|Three emergency centres exist at Trung Vuong, Binh Tan and Sai Gon hospitals that are allowed to take advantage of the "golden hour" to save patients, and three more are set to come up at Thu Duc, Hoc Mon and 7. Authorities said the emergency service had failed to become popular with the public. — Photo thanhnien.vn
HCM CITY (VNS) — Despite much effort by HCM City authorities, the 115 medical emergency service has not really become popular.
Three emergency centres exist at Trung Vuong, Binh Tan and Sai Gon hospitals that are allowed to take advantage of the "golden hour" to save patients, and three more are set to come up at Thu Duc, Hoc Mon and 7.
But not many are aware of the service, while even those who know are often reluctant to use it.
For instance, an 85-year-old man in District 11 became short of breath a month ago, but his children did not call 115 and took him by their own car instead to Cho Ray Hospital. There he was diagnosed with heart failure and severe pneumonia.
His daughter said: "I had no information about the 115 medical emergency service. In such an emergency situation, using our car is faster than the ambulances."
A 32-year-old woman in Tan Phu District whose infant son had shortness of breath also did not call the emergency centres because she had never heard of them, and took a taxi instead to the local district hospital.
Dr Tang Chi Thuong, deputy head of the city Department of Health, said the emergency service had failed to become popular with the public.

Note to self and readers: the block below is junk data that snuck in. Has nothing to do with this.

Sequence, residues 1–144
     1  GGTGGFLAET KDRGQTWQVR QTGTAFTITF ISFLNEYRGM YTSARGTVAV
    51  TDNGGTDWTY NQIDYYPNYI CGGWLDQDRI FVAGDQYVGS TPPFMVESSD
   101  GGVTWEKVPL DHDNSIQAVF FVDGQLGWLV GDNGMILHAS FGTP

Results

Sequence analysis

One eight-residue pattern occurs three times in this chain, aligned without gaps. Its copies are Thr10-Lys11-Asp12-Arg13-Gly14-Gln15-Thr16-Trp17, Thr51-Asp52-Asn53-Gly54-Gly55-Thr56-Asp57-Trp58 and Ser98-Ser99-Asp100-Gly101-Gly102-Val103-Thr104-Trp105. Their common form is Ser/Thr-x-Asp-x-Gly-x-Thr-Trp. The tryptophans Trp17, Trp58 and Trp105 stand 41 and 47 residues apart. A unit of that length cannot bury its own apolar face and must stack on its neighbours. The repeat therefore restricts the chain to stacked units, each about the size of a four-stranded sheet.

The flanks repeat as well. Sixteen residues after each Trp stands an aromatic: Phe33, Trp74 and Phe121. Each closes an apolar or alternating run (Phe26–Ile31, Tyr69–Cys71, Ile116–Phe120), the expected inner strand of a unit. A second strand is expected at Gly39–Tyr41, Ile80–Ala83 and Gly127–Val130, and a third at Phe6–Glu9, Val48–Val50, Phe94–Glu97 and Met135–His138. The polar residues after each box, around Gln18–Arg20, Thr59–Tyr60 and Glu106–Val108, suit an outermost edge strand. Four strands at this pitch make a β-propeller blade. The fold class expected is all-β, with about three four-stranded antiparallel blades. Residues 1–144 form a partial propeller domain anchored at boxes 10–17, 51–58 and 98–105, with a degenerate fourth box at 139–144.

There was a shortage of doctors and nurses to man the ambulances now, he admitted, which meant ambulances could often not be dispatched immediately.
It was for this reason that his department planned to initiate a programme to improve the service, and the city People's Committee recently approved it, he said.
Under the project, paramedics would respond to and provide preliminary treatment in the ambulance to patients who call 115 before taking them to the nearest hospital, he said.
"It is expected more and more people will use the emergency services after [this]."
The department was due to set up paramedic teams which were not required to be doctors and to provide training for two years, he said.
Dr Rafi Kot, CEO of Family Medical Practice Viet Nam, a private medical facility, said every emergency system could be improved.
The city should invest more money in the system including for new vehicles with sufficient equipment, he said.
People could die if emergency care was not provided in time, he added.
In face of the local emergency system's current limitations, Family Medical Practice Viet Nam has planned to set up an emergency medical dispatcher instruction system in hope that patients or their relatives can call for emergency medical advice as they wait for an ambulance. — VNS